The Court – the Duke and his Hippolyta well spoken by Colin Richardson and Emily Catlin – is graced by two experienced character players: Vernon Keeble-Watson's grumpy Egeus and Elliott Porte's pompous Philostrate, vainly trying to spare the wedding guests the ordeal of watching a bunch of amateur actors …
Those rude mechanicals – organised, if that's the word, by Paul Hollingsworth's Quince – stars Paul Sparrowham's Bottom. His ass-head is furry; his triumph in the role of Pyramus marred by paralysing stage-fright, alleviated by a handy flagon. His increasingly inebriated performance is pure genius, slurring his lines and relieving himself against Pete Farenden's Wall. Lots of clever detail here – the beards in the props basket, Mark Griffith's Snug conning the Lion's part, though it be nothing but roaring ...
The immortals are led by excellent fairy monarchs – Lindsay Hollingsworth's stunning Titania in her star-spangled gown, and Matt Jones's regal Oberon, with a touch of Herne the Hunter, his verse-speaking exemplary in I Know A Bank, for example. Four Fairies – we see them first in the overture – their dresses, colour-coded, reminiscent of fantastical festival-goers – included Chrissie LeFranc's Moth, with some magical flute-playing, and Kathryn Waters' white-wigged Cobweb; she's also the first fairy, doing a little light gardening before being ambushed by Richard Spong's Puck. He's a very mischievous hobgoblin, got up like a faun, searching the audience for Athenians, perching for a moment in Titania's woodland bower, freezing the mechanicals in mid-rehearsal.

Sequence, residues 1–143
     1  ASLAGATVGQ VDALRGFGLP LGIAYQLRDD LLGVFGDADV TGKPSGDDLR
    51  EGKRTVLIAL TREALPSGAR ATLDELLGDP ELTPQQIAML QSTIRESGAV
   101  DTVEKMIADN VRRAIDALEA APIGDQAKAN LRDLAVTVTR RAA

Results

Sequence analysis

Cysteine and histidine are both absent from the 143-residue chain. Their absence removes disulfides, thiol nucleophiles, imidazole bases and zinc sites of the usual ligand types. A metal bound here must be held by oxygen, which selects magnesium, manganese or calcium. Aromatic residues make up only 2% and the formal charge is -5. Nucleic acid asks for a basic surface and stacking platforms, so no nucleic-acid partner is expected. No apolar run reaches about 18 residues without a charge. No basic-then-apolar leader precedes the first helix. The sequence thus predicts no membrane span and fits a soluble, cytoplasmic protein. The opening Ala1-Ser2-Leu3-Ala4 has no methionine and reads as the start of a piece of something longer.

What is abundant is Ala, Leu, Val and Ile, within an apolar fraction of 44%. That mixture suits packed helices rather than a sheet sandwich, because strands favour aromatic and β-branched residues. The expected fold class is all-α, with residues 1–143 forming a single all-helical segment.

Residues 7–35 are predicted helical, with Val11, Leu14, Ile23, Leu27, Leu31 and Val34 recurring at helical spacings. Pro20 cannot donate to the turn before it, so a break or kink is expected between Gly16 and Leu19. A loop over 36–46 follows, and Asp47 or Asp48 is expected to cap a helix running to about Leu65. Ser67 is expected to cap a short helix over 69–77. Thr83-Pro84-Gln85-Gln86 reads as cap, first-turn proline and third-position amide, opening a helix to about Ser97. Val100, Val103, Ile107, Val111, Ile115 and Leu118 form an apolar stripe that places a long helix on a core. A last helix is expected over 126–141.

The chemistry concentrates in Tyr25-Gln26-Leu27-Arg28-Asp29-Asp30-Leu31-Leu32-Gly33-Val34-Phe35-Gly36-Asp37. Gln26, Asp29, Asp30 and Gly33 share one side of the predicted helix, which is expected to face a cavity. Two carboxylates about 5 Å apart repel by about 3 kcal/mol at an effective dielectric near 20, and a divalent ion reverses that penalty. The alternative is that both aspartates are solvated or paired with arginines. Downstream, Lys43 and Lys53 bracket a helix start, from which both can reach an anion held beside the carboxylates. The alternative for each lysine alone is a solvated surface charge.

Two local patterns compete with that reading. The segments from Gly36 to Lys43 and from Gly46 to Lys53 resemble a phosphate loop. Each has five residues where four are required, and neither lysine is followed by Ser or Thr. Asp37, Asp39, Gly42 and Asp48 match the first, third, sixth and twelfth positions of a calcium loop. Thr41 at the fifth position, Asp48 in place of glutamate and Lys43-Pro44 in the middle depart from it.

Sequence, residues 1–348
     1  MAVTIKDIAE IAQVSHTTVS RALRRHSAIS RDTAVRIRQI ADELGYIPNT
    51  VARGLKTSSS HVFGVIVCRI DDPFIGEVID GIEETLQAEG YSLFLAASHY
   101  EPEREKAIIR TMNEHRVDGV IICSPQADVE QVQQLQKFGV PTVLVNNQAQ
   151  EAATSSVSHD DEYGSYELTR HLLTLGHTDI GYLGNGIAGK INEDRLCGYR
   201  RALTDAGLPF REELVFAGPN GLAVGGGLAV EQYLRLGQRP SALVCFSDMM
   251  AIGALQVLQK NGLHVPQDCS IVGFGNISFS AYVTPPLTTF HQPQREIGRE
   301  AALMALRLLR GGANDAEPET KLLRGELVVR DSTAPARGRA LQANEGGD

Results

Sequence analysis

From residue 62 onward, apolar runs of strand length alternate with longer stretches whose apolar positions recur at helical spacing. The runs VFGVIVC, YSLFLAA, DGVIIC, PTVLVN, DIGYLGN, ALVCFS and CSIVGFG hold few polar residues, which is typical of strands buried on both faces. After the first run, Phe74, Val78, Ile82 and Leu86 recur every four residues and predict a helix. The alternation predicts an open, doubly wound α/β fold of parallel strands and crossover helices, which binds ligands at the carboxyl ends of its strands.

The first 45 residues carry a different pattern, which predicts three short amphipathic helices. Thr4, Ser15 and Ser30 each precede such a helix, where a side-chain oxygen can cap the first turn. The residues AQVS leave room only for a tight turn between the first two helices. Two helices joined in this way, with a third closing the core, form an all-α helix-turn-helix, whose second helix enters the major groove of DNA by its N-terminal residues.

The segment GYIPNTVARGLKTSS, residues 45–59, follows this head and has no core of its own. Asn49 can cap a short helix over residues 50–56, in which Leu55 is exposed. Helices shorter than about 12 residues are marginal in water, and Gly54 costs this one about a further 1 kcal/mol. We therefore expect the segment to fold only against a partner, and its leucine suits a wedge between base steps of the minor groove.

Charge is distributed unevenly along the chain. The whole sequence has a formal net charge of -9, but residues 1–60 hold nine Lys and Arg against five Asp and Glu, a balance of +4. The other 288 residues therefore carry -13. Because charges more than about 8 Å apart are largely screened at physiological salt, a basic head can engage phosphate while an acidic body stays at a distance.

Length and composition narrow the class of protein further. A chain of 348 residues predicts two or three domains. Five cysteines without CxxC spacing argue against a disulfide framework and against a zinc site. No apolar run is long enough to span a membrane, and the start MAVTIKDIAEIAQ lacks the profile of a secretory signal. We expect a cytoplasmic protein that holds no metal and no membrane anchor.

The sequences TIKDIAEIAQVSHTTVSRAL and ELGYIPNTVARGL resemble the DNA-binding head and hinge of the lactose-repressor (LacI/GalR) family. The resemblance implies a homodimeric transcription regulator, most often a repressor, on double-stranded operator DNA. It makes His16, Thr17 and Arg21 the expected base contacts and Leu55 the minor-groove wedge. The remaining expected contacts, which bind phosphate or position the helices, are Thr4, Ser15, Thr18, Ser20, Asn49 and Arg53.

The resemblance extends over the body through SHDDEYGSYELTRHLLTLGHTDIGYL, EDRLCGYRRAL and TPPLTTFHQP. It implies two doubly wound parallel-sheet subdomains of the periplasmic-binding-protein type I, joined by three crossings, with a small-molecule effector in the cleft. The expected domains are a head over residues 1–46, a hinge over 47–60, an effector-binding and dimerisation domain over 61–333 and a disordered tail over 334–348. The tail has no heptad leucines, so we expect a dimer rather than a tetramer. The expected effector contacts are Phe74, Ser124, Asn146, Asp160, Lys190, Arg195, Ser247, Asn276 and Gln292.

This is not Athens, but Havering's Edwardian Raphael Park. Lucky to have no wind, or rain, a comfortable temperature and only the occasional waterfowl and birdsong to punctuate Shakespeare's sylvan comedy. A very pleasant evening; as Theseus says, “ never anything can be amiss, When simpleness and duty tender it ...”

Sunday, June 25, 2017


Sea-Change Theatre at the Rose Playhouse